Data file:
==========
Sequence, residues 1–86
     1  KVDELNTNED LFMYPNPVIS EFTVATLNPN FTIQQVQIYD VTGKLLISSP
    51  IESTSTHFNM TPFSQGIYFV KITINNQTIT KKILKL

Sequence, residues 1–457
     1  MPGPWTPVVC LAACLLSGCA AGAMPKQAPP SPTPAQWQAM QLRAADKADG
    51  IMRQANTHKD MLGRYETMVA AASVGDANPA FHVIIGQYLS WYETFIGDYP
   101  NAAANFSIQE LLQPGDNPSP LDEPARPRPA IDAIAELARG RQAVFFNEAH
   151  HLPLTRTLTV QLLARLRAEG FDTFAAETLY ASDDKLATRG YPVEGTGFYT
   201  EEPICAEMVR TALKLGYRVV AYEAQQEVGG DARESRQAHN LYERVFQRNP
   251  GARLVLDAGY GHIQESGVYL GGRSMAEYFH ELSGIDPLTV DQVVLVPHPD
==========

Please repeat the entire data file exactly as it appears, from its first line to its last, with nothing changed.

Sequence, residues 1–86
     1  KVDELNTNED LFMYPNPVIS EFTVATLNPN FTIQQVQIYD VTGKLLISSP
    51  IESTSTHFNM TPFSQGIYFV KITINNQTIT KKILKL

Sequence, residues 1–457
     1  MPGPWTPVVC LAACLLSGCA AGAMPKQAPP SPTPAQWQAM QLRAADKADG
    51  IMRQANTHKD MLGRYETMVA AASVGDANPA FHVIIGQYLS WYETFIGDYP
   101  NAAANFSIQE LLQPGDNPSP LDEPARPRPA IDAIAELARG RQAVFFNEAH
   151  HLPLTRTLTV QLLARLRAEG FDTFAAETLY ASDDKLATRG YPVEGTGFYT
   201  EEPICAEMVR TALKLGYRVV AYEAQQEVGG DARESRQAHN LYERVFQRNP
   251  GARLVLDAGY GHIQESGVYL GGRSMAEYFH ELSGIDPLTV DQVVLVPHPD